3.  Housing. Currently USF offers only a second mortgage of The 2nd Mortgage of $53K at below market rates, but which must be paid back within seven years. There are many problems with this benefit. For one thing, it hardly addresses the major problem of helping new faculty or faculty who have never owned a house or condo to buy into the prohibitively expensive bay area real estate market. Second, if a prospective mortgage applicant has a high debt to income ratio, then the bank may see a second mortgage as a reason to deny the loan to begin with. Nevertheless the second mortgage can be useful for some, and should at least be doubled to around 100k. There were many comments from the survey on housing assistance. Some suggest debt forgiveness of the second mortgage after a certain period of service. Others suggested that USF should make direct loans to people who are first time buyers. Lendvay mentioned that we need to look at what other schools are doing to help their employees. James Taylor said that other universities offer a forgivable loan, such as LMU. Neaman agreed but noted that the LA market is quite different from the Bay Area, LA being much larger so that average house prices are much higher here.

(The average home price in San Francisco is currently $952k compared to $490k in LA, and the average monthly rent in SF is $2k, while it is around $1400 in LA. See http://www.lao.ca.gov/reports/2015/finance/housing-costs/housing-costs.aspx). Agha said that pay, housing and transit are related—there is a relationship between these variables. How do we split up the pie? Wibben said that is hard to recruit and retain faculty in their department because of the housing issue.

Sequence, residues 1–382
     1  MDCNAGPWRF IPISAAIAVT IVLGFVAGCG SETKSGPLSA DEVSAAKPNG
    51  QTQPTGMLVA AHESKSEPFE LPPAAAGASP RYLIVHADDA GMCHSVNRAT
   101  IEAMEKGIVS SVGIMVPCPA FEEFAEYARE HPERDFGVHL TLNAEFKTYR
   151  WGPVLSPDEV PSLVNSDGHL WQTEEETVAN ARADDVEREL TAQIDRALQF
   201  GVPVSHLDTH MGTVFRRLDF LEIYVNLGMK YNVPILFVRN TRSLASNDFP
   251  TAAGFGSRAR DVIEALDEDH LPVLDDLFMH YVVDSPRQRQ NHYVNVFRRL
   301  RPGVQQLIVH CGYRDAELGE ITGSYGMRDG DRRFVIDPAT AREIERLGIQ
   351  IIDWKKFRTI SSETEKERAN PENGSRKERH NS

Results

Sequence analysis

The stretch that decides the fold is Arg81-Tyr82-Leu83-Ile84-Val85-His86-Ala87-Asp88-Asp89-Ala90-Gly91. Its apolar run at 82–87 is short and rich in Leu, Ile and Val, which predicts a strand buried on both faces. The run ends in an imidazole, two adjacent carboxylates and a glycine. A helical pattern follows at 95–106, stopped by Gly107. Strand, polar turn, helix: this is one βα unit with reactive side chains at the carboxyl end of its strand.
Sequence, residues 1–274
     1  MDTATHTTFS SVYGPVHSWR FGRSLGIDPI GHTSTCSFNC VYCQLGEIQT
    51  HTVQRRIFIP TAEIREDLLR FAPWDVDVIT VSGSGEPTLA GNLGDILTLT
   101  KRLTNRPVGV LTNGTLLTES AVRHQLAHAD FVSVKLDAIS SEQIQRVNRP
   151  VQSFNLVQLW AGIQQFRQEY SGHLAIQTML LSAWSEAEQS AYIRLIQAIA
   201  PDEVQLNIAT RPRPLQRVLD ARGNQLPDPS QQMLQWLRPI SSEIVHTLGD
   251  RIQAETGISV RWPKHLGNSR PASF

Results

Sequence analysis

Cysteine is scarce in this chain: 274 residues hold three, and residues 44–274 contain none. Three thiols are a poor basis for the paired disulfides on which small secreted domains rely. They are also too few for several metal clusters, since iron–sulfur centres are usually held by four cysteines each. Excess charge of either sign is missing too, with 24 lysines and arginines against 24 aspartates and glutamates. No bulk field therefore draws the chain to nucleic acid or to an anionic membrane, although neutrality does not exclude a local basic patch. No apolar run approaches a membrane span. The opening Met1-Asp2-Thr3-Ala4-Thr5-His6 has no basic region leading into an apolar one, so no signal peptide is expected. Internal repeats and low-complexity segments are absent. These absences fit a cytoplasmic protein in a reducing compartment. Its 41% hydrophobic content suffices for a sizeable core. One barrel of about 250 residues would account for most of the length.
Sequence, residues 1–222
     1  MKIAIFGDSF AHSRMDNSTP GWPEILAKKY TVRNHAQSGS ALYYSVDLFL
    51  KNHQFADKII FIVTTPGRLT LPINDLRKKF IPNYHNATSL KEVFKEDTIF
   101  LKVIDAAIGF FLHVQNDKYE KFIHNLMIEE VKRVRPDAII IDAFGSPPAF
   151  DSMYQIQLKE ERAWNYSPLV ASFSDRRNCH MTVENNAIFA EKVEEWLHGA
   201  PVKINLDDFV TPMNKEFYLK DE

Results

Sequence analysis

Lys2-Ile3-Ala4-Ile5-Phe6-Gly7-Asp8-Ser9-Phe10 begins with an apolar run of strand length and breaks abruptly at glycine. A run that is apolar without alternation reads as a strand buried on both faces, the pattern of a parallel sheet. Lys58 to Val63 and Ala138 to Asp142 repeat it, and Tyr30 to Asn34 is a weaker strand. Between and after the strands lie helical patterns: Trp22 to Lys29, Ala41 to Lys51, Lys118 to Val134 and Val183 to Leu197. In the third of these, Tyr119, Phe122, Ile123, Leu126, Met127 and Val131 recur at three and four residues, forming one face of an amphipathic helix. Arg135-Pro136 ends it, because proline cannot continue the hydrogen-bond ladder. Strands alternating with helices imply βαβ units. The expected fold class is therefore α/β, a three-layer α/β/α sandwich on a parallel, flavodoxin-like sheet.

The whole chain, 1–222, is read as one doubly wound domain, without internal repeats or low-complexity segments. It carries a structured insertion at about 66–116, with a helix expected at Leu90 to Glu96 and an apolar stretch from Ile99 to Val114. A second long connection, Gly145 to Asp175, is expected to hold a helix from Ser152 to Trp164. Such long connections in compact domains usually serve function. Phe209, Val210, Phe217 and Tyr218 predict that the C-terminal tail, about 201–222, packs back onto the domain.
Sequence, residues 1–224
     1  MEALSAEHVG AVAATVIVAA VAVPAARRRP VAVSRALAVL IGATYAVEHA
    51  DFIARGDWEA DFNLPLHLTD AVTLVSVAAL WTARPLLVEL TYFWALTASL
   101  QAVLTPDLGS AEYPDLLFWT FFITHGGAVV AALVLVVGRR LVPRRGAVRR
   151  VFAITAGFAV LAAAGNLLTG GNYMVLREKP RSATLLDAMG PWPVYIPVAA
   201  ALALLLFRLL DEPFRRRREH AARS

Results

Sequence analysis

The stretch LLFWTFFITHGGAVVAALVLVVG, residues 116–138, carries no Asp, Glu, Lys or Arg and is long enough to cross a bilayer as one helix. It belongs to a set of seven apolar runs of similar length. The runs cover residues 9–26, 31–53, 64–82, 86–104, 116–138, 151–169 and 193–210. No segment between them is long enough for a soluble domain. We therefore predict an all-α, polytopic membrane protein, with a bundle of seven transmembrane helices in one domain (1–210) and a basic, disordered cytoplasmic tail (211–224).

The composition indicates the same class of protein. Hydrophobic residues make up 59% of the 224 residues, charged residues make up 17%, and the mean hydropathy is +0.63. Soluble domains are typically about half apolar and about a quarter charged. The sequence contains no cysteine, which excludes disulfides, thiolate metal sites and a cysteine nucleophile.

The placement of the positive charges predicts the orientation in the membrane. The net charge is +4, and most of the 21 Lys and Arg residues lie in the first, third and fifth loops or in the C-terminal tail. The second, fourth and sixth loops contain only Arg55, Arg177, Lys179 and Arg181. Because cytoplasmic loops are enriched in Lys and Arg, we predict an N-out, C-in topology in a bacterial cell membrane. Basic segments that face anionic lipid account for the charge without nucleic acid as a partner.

Neaman reiterated that the main problem with an effective mortgage benefit is its size. The cost would dwarf all other benefits. Roddy said that lower tiers at other schools have been bumped up but Neaman replied that one has to be careful about altering the salary steps. Devlin added that we essentially have no housing benefit since ½ of the loans go unclaimed. Neaman said that another idea is to pool the money from childcare and other similar benefits, aiming to enlarge the pie from which forgivable loans could be drawn. This alone will not allow people to buy homes in the Bay Area, but it could help. The problem is daunting. Even if USF were willing to provide the money for a down payment on a property (a big if), the size of the actual mortgages today would be huge, likely over the $625k cap which secures a lower rate loan because it is guaranteed by Freddie Mac. Maxson asked about how many houses the university owns. Neaman said that USF owns some houses in the neighborhood and nearby, some of which are rented out, and he will get exact numbers for next meeting. Maxson said that some faculty renting in the City have been Ellis-acted, where tenants are ejected on dubious procedural grounds. Agha suggested that the amount of money dedicated to housing benefits could be more effective if moved away from the mortgage program and redistributed to solve other issues mentioned in the survey – child care, transportation, etc. Uminsky suggested that young faculty should be able to get the one year retirement buy-out at the front end, rather than the back end, in order to put a down payment on a home. Neaman replied that he had discussed this solution already with the administration, but first, this can not be negotiated at the bargaining table since the retirement benefit is not in the CBA, and second USF can not put any language in the CBA because then they would have a large accounting liability. James Taylor suggested starting a pilot group to test out new mortgage assistance but Neaman reiterated that first we had to negotiate getting something firm in the contract before we start any pilot project. Currently the pilot would be flying a plane that does not yet exist. Uminsky suggested that a Loyola Village II should be built. He added that at NYU, faculty get apartments—tax free for the university. Lendvay also asked what happened with the original Loyola Village and why it wasn’t made available to faculty to buy. Neaman responded that at the time the price seemed too high – basically owners would not realize the full value appreciation offered under those contracts. Lendvay asked about viable options. Neaman said that we need a viable plan that puts reasonable costs on to the university but can actually help faculty. That is the circle we need to square.